The Washington Times

As the Democratic presidential field, following Howard Dean’s lead, increasingly speaks in language designed to fire up the Democratic base, the party has developed a sharper edge on the attack against Republicans than it has displayed in years. One thing I have been wondering is whether the centrist wing of the party, as represented by the Democratic Leadership Council, would be modifying its pitch to accommodate, or perhaps, appease what everyone now agrees is the party’s leftward lurch in presidential politics.

The answer is no. A memo to “Fellow Democrats” published this weekend in the DLC’s magazine Blueprint from Al From and Bruce Reed, respectively the CEO and the president of the DLC, gives no quarter to the over-the-top Bush-bashing popular on the campaign trail, seeing it as a ticket to defeat in 2004. “No matter how angry they are at Bush, there are simply not enough Democratic faithful to send the president into early retirement,” they write.

In fact, as the DLC noted in another recent publication, registered Democrats number about a third of the electorate. Yet, of registered Democrats, only about a third call themselves “liberal,” with the rest styling themselves moderate or even conservative. It’s important to keep the Dean surge in perspective. We are talking about a hard-core liberal Democratic base vote of about a ninth of the electorate. And with only the hard-core base of either party even remotely thinking about politics in July 2003, this third-of-a-third of Democrats is where the entirety of the enthusiasm for Mr. Dean is coming from. Nor, mind you, is opinion among this group unanimous. Mr. Dean has indeed earned the place he is now generally assigned among first-tier candidates, but it’s premature to declare the world’s angriest Democrat a shoe-in.

The Dean phenomenon is strangely reminiscent of Patrick Buchanan’s primary challenge to George H.W. Bush in 1992. To be sure, there is no sitting Democratic president. But there is a Democratic Party establishment in Washington. And following the 2002 elections, it found itself badly out of alignment with party rank-and-file, having played it safe by failing to step up challenges to Mr. Bush, but having lost seats anyway. The position of the Democratic establishment in 2003 is roughly the position of the first Mr. Bush in 1991, thanks to his breaking his “no new taxes” pledge [among other things].

Mr. Dean is the outsider to the establishment insiders. And when, echoing the late Sen. Paul Wellstone’s trademark line, he fired up the faithful with his declaration that he’s from “the Democratic wing of the Democratic Party,” it was just like hearing Mr. Buchanan exhorting his “Buchanan brigades” of “peasants with pitchforks” to take back their party and their country.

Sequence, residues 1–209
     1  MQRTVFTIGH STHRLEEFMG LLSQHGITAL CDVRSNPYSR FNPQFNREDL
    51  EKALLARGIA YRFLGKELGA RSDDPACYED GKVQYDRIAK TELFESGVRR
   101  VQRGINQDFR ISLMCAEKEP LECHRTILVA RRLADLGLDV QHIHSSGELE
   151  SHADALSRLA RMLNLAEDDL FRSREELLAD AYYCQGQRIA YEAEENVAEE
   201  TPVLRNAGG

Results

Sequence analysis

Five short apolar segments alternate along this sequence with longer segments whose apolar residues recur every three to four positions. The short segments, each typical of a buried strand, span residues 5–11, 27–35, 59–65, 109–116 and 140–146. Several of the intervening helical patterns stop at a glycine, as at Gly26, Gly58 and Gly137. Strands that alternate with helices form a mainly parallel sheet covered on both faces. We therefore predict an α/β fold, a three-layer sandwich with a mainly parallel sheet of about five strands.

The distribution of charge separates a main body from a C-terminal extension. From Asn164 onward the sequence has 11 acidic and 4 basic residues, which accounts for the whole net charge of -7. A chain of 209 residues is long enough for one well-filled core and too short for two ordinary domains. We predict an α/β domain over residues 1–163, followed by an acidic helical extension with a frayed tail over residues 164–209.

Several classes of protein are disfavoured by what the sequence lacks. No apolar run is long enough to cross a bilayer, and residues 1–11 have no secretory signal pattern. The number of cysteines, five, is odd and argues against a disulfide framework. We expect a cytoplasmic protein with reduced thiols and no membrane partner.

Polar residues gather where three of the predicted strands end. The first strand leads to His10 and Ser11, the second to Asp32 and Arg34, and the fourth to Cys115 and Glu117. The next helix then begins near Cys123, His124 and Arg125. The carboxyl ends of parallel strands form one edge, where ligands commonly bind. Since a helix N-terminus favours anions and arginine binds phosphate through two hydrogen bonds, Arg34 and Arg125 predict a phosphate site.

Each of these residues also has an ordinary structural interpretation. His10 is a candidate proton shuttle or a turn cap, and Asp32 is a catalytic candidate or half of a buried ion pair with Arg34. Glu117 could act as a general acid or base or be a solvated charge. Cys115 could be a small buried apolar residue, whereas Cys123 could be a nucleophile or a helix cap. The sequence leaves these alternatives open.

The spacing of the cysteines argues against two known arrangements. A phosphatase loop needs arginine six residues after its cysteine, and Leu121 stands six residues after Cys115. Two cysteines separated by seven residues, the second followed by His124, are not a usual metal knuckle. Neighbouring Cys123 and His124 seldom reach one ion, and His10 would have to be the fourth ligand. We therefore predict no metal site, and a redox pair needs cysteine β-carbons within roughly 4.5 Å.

Among Republicans who identify themselves as conservative, Mr. Buchanan in his heyday, which would not really arrive until 1996 when he beat Bob Dole in New Hampshire, never enjoyed even plurality support against the other contenders for the nomination. And insofar as Republicans identify more frequently as conservative than Democrats do as liberal, Mr. Buchanan had a larger core to appeal to. But he lacked plausibility as a candidate in a general election, and many Republicans that might have been more sympathetic rejected him on those grounds.

What about Mr. Dean? Read this sentence by Messrs. From and Reed carefully: “With the electorate split down the middle, a candidate – particularly a Democrat – can win the presidency only if he convinces voters he’s better than his party.” Note that specification, “particularly a Democrat.” A race between a Republican and a Democrat, each associated down-the-line with the electorate’s perception of what it means to be a Republican or a Democrat – neither one “better than his party,” in other words – will pose more trouble for the Democrat. That’s because the electorate is closer to the Republican base than the Democratic base.

Messrs. From and Reed are convinced that a Democratic nominee “better than his party” can win in 2004, and they have some practical advice to that end: Take a tough line on national security matters [the “war against terrorism is likely to be as defining a political experience for the next generation as the Vietnam War was for baby-boomers”]; emphasize the deficiencies, especially economic, in the Bush record; offer an agenda that supports the middle class; and be patient. The opposition to Mr. Bush will not crystallize for another year, when “the nation will hear the single voice of a Democratic nominee, poised to go one-on-one with the president.”

But as Messrs. Frum and Reed note, it matters what the nominee stands for. The question is whether electoral plausibility in November 2004, as opposed to merely making an anti-Bush point, is what’s going to be on the minds of Democrats as they choose their presidential candidate. Messrs. Frum and Reed are unequivocal in declaring what they think won’t work.